The invention will now be described in detail with respect to specific preferred embodiments thereof, it being understood that these examples are intended to be illustrative only and the invention is not intended to be limited to the materials, conditions, or process parameters recited herein. All percentages and parts are by weight unless otherwise indicated. The phrase room temperature refers to a temperature of about 25° C.

EXAMPLE 1

The solution was prepared by dissolving 89.4 g of Viton GF pellets in 923 g of methylethyl ketone (MEK) and 213 g of methyl isobutyl ketone (MIBK) by stirring at room temperature. This is accomplished by using a two liter Buchi BEP 280 stirred laboratory autoclave (Type III from "buchiglasuster" distributed in the U.S. and Canada by CTP Corporation, 829 Lincoln Av, Suite 3, Bohemia, N.Y. 11716). The reactor was equipped with a water condenser and with a jacket for heating. The dissolution step was done under 1-2 standard cubic foot per hour (SCFH) of nitrogen purge through the water condenser. The mixing was carried out for 4 to 5 hours at 1100 RPM after which the solution was left in reactor overnight under nitrogen blanket. The following day, 26.8 g of polydimethyl siloxane vinyl terminated (PS441) available from United Chemical Technologies, Inc. followed by 20 milliliters MIBK rinse was added to the above solution at room temperature and the solution heated up to 70° C. under 800 RPM mixing speed. The polydimethyl siloxane vinyl terminated material was added in an excess molar amount relative to Viton GF. Next, 1.77 g of N-2aminoethyl-3-aminopropyltrimethyoxysilane (AO700), available from United Chemical Technologies, Inc. in 20 milliliters of MIBK was added to reactor, followed by 20 milliliters of MIBK rinse. About 5 minutes later, 2.39 g of 98% benzoyl peroxide (BPO) available from Queen City Distributors, in 30 milliliters of MIBK was added to reactor, followed by 20 milliliters of MIBK rinse. This was taken as time zero for the reaction. The stirring was continued for 2 hours at 70° C. During this time the color of solution turned dark yellow which then is cooled down to 50° C. and discharged into a 2-L plastic bottle. Total of 1278.7 g of the solution was recovered from the reactor. The bottle was capped and left to cool down to room temperature. Following this, 423.7 grams of the solution was decanted into a clean 1-L plastic bottle to which 21.3 grams of methanol (4.8% wt) was added and the bottle tightly capped. Bottle was hand shaken for about 5 minutes and left on the shelf. Viscosity of resulting solution as measured by Gardner EZ Cup#1 was found to be very stable with the shelf life as shown in FIG. 1 and the solution viscosity met the Xerox viscosity specification of 55 seconds for spray coating throughout the indicated shelf life.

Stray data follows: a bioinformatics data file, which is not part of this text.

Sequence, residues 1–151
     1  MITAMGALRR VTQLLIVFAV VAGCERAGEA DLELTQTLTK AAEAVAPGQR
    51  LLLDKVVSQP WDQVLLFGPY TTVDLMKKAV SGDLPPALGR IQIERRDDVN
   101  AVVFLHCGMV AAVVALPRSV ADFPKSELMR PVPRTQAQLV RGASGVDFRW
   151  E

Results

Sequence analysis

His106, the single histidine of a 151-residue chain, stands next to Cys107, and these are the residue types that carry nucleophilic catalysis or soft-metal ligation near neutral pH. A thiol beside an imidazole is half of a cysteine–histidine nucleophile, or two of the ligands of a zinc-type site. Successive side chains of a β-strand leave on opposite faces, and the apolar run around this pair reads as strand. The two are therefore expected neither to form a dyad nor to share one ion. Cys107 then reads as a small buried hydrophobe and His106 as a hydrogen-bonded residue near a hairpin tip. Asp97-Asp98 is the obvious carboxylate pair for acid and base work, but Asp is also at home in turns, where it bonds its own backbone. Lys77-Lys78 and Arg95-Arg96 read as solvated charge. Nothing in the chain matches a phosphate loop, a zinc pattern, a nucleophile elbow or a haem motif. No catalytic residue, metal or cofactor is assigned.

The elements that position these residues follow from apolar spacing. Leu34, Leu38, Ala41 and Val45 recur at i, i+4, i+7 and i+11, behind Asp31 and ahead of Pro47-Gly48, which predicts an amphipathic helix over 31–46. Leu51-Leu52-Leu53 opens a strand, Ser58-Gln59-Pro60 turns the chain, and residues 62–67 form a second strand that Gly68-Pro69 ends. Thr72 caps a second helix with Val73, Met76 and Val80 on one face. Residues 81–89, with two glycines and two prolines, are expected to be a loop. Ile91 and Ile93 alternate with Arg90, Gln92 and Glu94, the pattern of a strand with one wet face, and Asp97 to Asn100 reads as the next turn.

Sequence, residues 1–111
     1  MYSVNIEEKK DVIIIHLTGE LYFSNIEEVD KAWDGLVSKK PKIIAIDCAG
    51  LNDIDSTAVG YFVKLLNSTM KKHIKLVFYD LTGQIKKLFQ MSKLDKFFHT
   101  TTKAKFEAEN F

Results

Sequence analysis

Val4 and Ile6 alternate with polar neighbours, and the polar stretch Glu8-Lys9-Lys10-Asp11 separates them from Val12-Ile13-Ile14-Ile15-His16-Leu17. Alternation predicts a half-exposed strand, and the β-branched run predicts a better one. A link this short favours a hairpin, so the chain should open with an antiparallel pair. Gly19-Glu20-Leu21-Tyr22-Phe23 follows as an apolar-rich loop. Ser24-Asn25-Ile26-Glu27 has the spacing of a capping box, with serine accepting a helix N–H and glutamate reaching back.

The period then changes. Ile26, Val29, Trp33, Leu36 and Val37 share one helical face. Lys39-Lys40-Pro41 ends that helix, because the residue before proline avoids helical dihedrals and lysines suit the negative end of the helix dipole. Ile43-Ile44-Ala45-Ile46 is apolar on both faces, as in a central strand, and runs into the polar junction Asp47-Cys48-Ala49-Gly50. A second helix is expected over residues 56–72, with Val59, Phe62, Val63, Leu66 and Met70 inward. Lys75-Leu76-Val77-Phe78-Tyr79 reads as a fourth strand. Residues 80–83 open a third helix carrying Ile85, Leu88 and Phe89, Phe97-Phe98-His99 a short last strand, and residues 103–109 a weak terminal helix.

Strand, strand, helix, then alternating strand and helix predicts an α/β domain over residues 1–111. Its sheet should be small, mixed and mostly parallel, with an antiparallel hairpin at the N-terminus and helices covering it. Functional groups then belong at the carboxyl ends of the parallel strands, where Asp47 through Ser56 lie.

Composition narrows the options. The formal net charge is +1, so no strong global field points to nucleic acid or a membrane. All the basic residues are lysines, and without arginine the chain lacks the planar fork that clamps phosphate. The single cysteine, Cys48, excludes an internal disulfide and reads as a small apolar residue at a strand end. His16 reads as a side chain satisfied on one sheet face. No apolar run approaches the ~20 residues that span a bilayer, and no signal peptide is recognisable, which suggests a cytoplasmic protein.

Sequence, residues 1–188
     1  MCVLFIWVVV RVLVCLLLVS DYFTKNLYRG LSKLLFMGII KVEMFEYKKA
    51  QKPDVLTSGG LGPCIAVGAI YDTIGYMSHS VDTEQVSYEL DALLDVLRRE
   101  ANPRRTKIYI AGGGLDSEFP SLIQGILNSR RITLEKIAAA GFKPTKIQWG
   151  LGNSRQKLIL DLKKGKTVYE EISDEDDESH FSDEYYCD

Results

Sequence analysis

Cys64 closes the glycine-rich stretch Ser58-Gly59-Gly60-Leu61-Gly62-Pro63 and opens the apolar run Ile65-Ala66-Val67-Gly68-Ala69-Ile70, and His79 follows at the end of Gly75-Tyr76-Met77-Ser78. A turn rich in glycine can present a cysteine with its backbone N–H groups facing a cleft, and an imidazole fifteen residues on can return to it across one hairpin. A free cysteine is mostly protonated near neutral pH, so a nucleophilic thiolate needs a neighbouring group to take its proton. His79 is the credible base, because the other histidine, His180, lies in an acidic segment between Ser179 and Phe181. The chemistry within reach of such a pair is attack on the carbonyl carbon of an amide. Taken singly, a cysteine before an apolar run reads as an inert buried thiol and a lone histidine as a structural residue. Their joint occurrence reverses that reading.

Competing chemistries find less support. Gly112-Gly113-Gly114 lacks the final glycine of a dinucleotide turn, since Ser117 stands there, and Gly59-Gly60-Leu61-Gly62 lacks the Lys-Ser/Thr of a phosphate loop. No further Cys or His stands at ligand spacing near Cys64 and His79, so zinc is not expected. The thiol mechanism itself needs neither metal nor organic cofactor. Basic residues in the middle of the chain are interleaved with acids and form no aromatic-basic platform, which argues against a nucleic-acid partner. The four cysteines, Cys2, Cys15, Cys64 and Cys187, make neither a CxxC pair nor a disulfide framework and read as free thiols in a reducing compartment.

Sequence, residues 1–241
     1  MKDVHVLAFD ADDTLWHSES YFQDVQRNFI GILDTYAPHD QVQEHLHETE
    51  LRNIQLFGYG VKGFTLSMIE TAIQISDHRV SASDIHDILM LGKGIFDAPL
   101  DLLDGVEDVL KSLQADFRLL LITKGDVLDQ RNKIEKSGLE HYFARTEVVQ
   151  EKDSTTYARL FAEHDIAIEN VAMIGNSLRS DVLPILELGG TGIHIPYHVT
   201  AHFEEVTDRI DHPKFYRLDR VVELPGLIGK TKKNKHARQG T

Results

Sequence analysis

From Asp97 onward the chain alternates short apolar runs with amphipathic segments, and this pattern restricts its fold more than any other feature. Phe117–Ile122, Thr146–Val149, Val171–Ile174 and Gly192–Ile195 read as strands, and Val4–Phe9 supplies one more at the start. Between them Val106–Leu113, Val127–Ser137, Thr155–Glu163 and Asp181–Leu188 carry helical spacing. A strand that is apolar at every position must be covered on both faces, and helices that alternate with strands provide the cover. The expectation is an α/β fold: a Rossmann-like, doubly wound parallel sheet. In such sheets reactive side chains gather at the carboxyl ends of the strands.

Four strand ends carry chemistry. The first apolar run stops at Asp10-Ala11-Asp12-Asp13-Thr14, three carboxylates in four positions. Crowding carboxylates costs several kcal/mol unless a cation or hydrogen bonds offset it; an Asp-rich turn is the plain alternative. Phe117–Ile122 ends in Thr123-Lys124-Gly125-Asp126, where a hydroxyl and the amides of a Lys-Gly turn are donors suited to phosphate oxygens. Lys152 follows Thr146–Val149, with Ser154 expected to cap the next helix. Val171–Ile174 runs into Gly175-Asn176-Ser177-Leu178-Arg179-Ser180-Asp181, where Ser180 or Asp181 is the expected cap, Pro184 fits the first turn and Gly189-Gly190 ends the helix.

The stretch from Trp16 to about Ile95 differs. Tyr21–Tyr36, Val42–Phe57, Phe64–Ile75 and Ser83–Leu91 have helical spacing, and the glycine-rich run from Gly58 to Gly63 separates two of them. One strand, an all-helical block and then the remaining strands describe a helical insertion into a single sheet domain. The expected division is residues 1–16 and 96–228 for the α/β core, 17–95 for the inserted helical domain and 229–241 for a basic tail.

COMPARATIVE EXAMPLE 1-1

To 425.3 g of solution prepared in Example 1, 21.3 grams of water (4.8% wt) was added in a clean 1-L plastic bottle and the bottle was tightly capped. Bottle was hand shaken for about 5 minutes and placed on the shelf. The following day, when the Gardner EZ Cup measurement was attempted, it was found out that the dark yellow rubber was precipitated to the bottom of the plastic bottle, and the supernatant solution was less viscous than the previous day and of a lighter color. It was concluded that the water caused the rubber to precipitate out of the solution which rendered it unsuitable for utilization.

COMPARATIVE EXAMPLE 1-2

The remaining 429.7 grams of the solution prepared in Example 1 was decanted in a clean 1-L plastic bottle, bottle tightly capped and placed on the shelf. Viscosity of the solution was measured by Gardner EZ Cup#1 and viscosity profile with shelf life is shown in FIG. 1. Already after 10 days of storing the solution, the viscosity had increased to a level which failed to meet the Xerox viscosity specification of 55 seconds for spray coating.

EXAMPLE 2-1

The solution was prepared in the same way as described in the Example 1. Total of 1303.6 grams of the solution was recovered from the reactor. To 429.6 grams of the solution 86 grams (2% wt) of methanol was added in a clean 1-L plastic bottle and bottle was tightly capped. Bottle was hand shaken for about 5 minutes and left on the shelf. Viscosity of resulting solution as measured by Gardner EZ Cup#1 was found to be very stable with the shelf life as shown in FIG. 1 and the solution viscosity met the Xerox viscosity specification of 55 seconds for spray coating throughout the indicated shelf life.

EXAMPLE 2-2

To another 435.3 grams of the solution prepared in Example 2-1, 43.5 grams (9% wt) of methanol was added in a clean 1-L plastic bottle and bottle was tightly capped. Bottle was hand shaken for about 5 minutes and left on the shelf. Viscosity of resulting solution as measured by Gardner EZ Cup#1 was found to be very stable with the shelf life as shown in FIG. 1 and the solution viscosity met the Xerox viscosity specification of 55 seconds for spray coating throughout the indicated shelf life.